Although the above statements are true, we know that they can raise questions in the minds of NFP promoters. For example, at this point in time, any "mucus only" (or mostly) method is popularly referred to as the "Ovulation Method." NFP promoters know that technically that is not correct. The Ovulation Method is the term which Dr. John Billings first coined in 1964 to speak about his system of Natural Family Planning. In fact the "World Health Organization in the 1970s conveyed . . . that the title Billings Method should be introduced and accepted as an alternative to the name Ovulation Method . . . ." (personal correspondence from John Billings, 31 May 2000). Indeed, Dr. Thomas Hilgers has been clear that his approach to the mucus sign is a completely different system from that of the Billings Method and should be referred to as the Creighton Model FertilityCareTM System. So what is correct? Can we continue to popularly refer to any "mucus only" or "mucus mostly" method as "Ovulation Method?"
I think the answer, especially for NFP promoters, is to keep it simple! We must remember our audience. A general resource, such as the Focus Sheet above, only makes sense if the concepts are simple, clear, and accurate. "OM" and "STM" as NFP terms have undergone their own growth. They are popular references to single-indexed (OM) and multi-indexed (STM) natural methods. If a popular NFP term is used as above--including its definition--they should not confuse or mislead the novice. But the jury may be out on this topic. Should NFP promoters continue to refer to all multi-indexed NFP methods as "STM" and all mucus methods as "OM?" Or, should we in the NFP community try to change the language? We could call all multi-indexed methods just that--"MIM." Likewise, we could refer to single-indexed methods as "SIM." What do you think?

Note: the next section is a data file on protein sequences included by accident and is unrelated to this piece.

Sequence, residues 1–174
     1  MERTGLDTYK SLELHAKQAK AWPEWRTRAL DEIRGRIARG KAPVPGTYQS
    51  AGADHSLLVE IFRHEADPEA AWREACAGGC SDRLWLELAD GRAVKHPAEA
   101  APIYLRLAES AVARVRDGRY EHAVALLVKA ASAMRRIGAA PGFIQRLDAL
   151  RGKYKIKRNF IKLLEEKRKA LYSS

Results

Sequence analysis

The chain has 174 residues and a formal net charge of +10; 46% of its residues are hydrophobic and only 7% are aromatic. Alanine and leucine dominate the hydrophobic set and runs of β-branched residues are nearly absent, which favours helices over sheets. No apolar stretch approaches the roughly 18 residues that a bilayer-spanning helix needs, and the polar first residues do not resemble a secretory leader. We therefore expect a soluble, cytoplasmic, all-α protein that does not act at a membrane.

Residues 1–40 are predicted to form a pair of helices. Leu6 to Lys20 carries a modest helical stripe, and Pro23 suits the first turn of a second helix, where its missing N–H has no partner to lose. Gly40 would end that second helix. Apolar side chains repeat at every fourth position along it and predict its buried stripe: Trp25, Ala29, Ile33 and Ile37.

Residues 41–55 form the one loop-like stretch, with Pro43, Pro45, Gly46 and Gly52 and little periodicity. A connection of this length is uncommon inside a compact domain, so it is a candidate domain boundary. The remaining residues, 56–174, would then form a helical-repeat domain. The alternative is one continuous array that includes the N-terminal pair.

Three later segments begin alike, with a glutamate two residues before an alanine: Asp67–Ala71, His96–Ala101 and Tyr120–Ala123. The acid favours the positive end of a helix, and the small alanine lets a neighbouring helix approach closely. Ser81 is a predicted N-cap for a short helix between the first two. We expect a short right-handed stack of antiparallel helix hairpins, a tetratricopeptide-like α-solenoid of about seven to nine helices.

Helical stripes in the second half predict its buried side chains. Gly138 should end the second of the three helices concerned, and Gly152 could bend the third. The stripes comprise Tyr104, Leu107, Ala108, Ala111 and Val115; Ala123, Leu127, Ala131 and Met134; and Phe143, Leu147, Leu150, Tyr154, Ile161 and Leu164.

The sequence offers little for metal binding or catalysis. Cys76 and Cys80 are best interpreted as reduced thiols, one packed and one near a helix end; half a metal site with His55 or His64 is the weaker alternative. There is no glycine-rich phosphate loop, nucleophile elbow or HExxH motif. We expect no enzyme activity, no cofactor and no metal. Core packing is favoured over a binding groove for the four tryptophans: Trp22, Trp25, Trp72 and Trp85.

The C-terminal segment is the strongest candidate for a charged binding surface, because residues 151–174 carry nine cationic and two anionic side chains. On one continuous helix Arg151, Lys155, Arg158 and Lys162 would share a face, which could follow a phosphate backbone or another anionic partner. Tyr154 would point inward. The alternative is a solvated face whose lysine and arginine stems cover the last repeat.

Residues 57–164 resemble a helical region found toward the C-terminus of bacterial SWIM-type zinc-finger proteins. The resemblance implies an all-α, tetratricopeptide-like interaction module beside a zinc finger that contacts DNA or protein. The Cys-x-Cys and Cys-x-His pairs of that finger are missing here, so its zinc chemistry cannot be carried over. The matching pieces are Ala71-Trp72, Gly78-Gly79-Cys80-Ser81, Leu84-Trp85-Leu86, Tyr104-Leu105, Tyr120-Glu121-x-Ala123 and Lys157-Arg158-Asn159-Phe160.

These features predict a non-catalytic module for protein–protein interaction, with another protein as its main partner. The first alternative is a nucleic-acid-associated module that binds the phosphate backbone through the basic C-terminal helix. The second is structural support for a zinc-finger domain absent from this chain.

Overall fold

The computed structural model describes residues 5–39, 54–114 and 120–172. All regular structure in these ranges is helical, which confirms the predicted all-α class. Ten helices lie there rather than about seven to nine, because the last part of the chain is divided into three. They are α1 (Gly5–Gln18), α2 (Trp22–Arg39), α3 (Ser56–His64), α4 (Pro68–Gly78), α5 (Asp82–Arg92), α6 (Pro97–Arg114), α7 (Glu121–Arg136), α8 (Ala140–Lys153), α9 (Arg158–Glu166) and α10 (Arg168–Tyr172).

Until I hear from you, and until all NFP teacher training programs are in agreement--my guess is that we will continue to rely on "STM" and "OM" to indicate those methods which we so ardently provide in the dioceses.
T. Notare, Managing Editor
"Dr. Klaus Clarifies"
In response to correspondence, clarification on the effectiveness rates cited for the natural methods are in order: the figures for method related pregnancies were taken from James Trussell's computation provided for the Food and Drug Administration's authoritative package inserts for all contraceptive medications. As such, I accepted the "worst case scenario" so that we would not be in conflict with the information available to most of the medical profession in this country. The user related category was likewise taken from Trussell but modified in light of studies published in peer-reviewed journals. At the time the Focus sheet was written additional NFP studies, some unpublished, were not available. If this information is taken into consideration the rate for method related pregnancies with the Ovulation Method is "0-3%," and "0.51-14.9%" for user-related pregnancies.
Another correspondent had questions concerning projected use-effectiveness figures for all methods listed for a five-year period. His projections were highly theoretical, but based on the correct supposition that couples expect to be sexually active not only for one year but during most of their marriage. He observes that with prolonged use of any method, unplanned pregnancies generally arise.
With regard to the definitions of words associated with effectiveness studies, while Trussell and Kost use the terms "perfect use" and "imperfect use," the FDA package insert states "perfect use" and "typical use in the first 12 months of use." The Focus sheet did not include the words "in the first 12 months of use" because of space constraints and therefore may have confused some readers. That will be corrected in a reprinting of the resource. Meanwhile, for a fuller discussion of this issue see my article "Terminology in Natural Family Planning Revisitied" in Linacre Quarterly (February 2000).
H. Klaus, MD